“After school, my siblings and I drew water from our well and carried it home in a five-pound jam tin with a wire handle,” she said.
“We then had to collect firewood so our mother could boil a kettle on the wood stove for her afternoon cuppa.
“Our clothes were washed in a copper with blue (Reckitt’s blue bags) in the water and hung on a clothesline held up with a prop down the back yard.”
An active and fit young adult, Dorothy went horse riding, enjoyed going to dances and was a competitive tennis player.
“I was quite a good tennis player, very fit, and I used to jump over the net before each game,” she said.
“My nickname was ‘the young lion’.”
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After leaving school, Dorothy worked in a drapery in Adelaide.
Her culinary skills served her well, cooking for large homes in Melbourne, opening a sandwich shop in Sydney and managing a hospital cafeteria at various points.
She later became a hairdresser, enjoying “doing people’s hair, massaging their heads and … giving people facials”.
Dorothy met her husband Bernie after moving to Sydney for a warmer, healthier life at her doctor’s suggestion. Over the course of their married life, they travelled and lived in many places including Tasmania and Melbourne while he worked for the federal government.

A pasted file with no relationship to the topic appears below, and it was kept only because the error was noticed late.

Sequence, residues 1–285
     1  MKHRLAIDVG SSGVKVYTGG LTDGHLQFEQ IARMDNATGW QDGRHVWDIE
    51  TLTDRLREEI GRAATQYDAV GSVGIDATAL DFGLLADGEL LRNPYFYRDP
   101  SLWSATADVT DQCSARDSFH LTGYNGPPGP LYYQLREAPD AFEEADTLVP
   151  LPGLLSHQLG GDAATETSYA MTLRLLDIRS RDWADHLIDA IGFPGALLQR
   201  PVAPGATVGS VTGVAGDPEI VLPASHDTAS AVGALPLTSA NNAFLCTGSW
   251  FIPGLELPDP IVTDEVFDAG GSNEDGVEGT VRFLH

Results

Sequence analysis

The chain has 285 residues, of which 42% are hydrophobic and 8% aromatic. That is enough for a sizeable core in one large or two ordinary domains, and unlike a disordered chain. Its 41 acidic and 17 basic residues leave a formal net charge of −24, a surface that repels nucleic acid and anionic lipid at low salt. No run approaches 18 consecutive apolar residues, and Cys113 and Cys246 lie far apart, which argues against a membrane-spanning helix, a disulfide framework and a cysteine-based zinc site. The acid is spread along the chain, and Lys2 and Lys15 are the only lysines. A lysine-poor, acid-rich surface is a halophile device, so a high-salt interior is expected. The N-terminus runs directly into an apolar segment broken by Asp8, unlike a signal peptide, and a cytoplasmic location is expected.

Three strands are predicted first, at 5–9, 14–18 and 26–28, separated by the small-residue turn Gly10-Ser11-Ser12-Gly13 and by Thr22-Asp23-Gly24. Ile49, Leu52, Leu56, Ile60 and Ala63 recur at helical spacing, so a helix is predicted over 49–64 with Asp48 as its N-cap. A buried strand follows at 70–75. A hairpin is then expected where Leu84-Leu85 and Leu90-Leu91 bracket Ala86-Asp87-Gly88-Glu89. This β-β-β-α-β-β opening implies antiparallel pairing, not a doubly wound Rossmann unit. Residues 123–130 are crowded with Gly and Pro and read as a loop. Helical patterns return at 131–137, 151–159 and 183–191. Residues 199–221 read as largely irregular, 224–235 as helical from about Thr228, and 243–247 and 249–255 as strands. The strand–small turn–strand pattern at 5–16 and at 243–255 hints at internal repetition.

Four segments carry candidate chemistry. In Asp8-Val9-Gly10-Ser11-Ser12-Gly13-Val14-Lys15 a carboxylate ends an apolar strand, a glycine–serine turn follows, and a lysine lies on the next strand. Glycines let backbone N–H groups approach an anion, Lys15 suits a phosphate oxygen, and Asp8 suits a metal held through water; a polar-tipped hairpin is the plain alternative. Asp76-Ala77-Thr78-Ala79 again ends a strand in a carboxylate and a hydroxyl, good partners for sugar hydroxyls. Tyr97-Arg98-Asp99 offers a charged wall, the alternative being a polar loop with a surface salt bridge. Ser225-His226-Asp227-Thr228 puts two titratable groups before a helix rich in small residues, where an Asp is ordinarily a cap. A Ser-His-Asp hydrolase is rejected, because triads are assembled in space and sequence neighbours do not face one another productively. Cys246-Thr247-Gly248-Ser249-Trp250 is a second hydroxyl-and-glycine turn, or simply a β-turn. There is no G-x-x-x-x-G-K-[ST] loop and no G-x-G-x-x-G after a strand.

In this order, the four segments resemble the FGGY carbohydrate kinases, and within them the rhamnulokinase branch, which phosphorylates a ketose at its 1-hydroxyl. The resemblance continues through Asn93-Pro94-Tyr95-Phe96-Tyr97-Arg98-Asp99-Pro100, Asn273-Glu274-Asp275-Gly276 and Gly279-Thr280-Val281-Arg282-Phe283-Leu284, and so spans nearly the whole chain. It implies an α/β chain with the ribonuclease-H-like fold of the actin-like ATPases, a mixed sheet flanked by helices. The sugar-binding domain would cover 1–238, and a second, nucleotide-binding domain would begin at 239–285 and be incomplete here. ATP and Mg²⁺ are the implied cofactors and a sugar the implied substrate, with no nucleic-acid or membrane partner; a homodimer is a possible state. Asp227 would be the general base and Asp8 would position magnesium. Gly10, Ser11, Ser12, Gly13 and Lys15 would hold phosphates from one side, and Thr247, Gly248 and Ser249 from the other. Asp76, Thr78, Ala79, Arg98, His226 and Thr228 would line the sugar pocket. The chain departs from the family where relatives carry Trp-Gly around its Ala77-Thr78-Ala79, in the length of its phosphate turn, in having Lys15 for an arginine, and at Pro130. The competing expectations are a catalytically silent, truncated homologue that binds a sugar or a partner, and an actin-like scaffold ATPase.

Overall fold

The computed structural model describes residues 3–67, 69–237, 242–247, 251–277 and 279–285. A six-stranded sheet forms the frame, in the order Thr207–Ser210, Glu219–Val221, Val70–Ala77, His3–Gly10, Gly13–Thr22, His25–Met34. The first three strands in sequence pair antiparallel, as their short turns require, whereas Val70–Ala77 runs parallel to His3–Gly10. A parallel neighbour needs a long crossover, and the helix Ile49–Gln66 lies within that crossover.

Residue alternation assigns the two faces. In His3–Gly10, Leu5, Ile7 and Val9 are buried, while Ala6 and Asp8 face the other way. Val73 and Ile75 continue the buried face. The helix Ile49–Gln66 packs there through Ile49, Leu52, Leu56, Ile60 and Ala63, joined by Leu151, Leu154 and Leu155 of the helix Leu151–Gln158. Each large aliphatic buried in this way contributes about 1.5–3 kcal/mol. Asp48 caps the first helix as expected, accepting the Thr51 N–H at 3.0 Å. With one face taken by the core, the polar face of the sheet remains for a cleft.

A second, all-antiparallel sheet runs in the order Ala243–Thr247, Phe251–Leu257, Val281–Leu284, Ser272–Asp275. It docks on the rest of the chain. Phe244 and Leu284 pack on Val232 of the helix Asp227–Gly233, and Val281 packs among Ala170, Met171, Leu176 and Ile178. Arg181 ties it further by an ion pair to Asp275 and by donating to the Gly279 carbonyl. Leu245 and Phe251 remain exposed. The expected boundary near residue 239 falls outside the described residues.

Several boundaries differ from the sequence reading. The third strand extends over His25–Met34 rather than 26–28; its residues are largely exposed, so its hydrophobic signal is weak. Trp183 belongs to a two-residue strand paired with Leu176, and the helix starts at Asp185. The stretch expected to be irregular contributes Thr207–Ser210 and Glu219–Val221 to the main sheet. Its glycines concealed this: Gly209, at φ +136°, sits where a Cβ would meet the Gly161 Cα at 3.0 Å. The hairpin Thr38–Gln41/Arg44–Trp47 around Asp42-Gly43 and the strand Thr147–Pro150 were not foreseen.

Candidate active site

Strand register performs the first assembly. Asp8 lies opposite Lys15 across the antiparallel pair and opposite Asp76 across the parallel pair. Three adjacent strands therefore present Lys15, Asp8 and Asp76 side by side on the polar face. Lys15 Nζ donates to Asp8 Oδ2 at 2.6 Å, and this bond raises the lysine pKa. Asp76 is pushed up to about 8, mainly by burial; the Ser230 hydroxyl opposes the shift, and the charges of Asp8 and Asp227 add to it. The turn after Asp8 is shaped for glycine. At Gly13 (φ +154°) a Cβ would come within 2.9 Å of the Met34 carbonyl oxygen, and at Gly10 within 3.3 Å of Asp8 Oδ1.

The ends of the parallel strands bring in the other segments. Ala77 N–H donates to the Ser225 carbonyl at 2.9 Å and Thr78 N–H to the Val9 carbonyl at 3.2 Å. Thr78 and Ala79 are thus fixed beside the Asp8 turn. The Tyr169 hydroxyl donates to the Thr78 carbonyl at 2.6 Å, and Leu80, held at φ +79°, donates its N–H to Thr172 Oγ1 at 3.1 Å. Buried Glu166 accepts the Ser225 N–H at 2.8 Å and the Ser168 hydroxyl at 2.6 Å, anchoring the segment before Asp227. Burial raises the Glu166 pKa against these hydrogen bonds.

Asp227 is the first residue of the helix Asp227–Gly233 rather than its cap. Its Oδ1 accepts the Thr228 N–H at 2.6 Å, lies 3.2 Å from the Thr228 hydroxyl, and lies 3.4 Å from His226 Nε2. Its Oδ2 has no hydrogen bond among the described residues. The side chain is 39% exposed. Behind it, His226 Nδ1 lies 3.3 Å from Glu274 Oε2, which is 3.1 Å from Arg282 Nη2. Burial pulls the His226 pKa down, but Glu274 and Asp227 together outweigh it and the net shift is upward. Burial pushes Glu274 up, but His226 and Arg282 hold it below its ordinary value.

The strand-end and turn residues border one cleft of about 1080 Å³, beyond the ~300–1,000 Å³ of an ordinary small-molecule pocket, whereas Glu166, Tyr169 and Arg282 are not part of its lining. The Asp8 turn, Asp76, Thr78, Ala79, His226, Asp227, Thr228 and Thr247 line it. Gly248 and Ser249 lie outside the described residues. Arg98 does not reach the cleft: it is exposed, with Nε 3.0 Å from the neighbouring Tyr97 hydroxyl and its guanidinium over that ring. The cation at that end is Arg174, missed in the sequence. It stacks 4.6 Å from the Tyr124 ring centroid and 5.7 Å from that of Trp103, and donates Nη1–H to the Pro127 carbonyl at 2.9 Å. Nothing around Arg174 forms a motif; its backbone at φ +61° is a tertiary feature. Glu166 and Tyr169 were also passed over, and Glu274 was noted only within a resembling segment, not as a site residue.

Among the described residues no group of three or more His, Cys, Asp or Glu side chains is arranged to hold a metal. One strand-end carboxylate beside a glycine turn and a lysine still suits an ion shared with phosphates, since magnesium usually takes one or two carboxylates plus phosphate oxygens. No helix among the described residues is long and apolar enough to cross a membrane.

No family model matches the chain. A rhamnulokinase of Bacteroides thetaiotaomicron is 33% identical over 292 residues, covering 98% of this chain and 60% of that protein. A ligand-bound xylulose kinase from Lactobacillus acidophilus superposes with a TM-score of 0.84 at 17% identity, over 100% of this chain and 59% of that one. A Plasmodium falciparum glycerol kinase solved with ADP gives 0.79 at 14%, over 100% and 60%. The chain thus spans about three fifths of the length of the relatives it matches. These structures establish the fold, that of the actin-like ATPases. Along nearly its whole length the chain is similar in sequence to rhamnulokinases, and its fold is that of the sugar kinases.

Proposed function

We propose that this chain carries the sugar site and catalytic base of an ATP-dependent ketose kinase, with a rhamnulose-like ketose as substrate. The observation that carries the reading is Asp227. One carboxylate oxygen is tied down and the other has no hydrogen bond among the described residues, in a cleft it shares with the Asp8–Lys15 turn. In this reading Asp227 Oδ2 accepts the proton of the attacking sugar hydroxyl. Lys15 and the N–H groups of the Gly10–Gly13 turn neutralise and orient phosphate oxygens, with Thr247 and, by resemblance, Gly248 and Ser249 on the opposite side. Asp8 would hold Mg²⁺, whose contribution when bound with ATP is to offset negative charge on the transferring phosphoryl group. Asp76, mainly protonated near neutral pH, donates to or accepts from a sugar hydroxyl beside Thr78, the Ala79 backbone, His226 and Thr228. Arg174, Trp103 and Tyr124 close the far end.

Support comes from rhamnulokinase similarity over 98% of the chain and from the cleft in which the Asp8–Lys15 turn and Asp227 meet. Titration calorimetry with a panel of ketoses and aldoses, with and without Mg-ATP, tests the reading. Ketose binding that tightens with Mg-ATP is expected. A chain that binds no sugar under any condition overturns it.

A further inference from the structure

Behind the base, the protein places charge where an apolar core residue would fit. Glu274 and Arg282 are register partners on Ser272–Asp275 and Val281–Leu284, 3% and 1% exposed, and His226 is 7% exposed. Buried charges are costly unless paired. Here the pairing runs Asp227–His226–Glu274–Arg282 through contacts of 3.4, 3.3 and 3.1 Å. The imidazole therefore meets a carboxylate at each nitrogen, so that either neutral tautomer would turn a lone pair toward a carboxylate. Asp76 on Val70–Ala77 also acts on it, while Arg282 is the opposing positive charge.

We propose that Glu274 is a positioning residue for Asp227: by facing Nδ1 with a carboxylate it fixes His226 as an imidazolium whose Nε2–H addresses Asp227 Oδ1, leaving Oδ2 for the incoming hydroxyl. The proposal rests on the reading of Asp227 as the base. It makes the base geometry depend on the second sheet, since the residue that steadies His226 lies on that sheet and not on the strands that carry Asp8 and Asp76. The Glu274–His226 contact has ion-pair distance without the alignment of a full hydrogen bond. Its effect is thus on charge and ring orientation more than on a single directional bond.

When Bernie died in 1970 at the age of 56 from prostate cancer, Dorothy picked herself up and adapted to her new life as a widow, beginning a 30-year career as an Avon beauty representative.
Having mixed with people from all backgrounds all her working life, Dorothy is no shrinking violet, even today.
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“She certainly knows her own mind and can be spirited, even feisty,” Sally said.
“She loves to talk. She can be quite ‘cheeky” and has an impish sense of humour.
“She is very much a family person and mostly reminisces and talks about her siblings and their families.
“Her mantra is ‘keep on your feet’ and she does exercises daily (although she jokingly swears Schweppes lemon cordial keeps her healthy!).
“She’s got a marvellous memory and she can recite numerous – I would venture to say possibly hundreds – of poems or psalms, with fantastic facial expression and intonation.”
While she’s blown out more candles on birthday cakes than most Australians, Dorothy won’t have a marching band, fireworks or her name up in lights on Tuesday. The current lockdown laws also prevent visitors.
But she will be surrounded by life’s simple pleasures.
Diversional therapist and chief party organiser Karen Martin said that while the lockdown had curtailed some ideas for festivities, Dorothy would still be the guest of honour at special celebrations.
“What we’re planning on doing is decorating up her whole wing in her favourite colours (pink and blue) with balloons and ribbons and happy birthday sign and all that sort of thing,” Karen said.
“And we’re going to have a birthday cake for her for afternoon tea, just with the people in her wing.
“And then flowers and she loves Freddo Frogs.”
- Australia’s oldest person is believed to be a Western Australian woman, aged 111.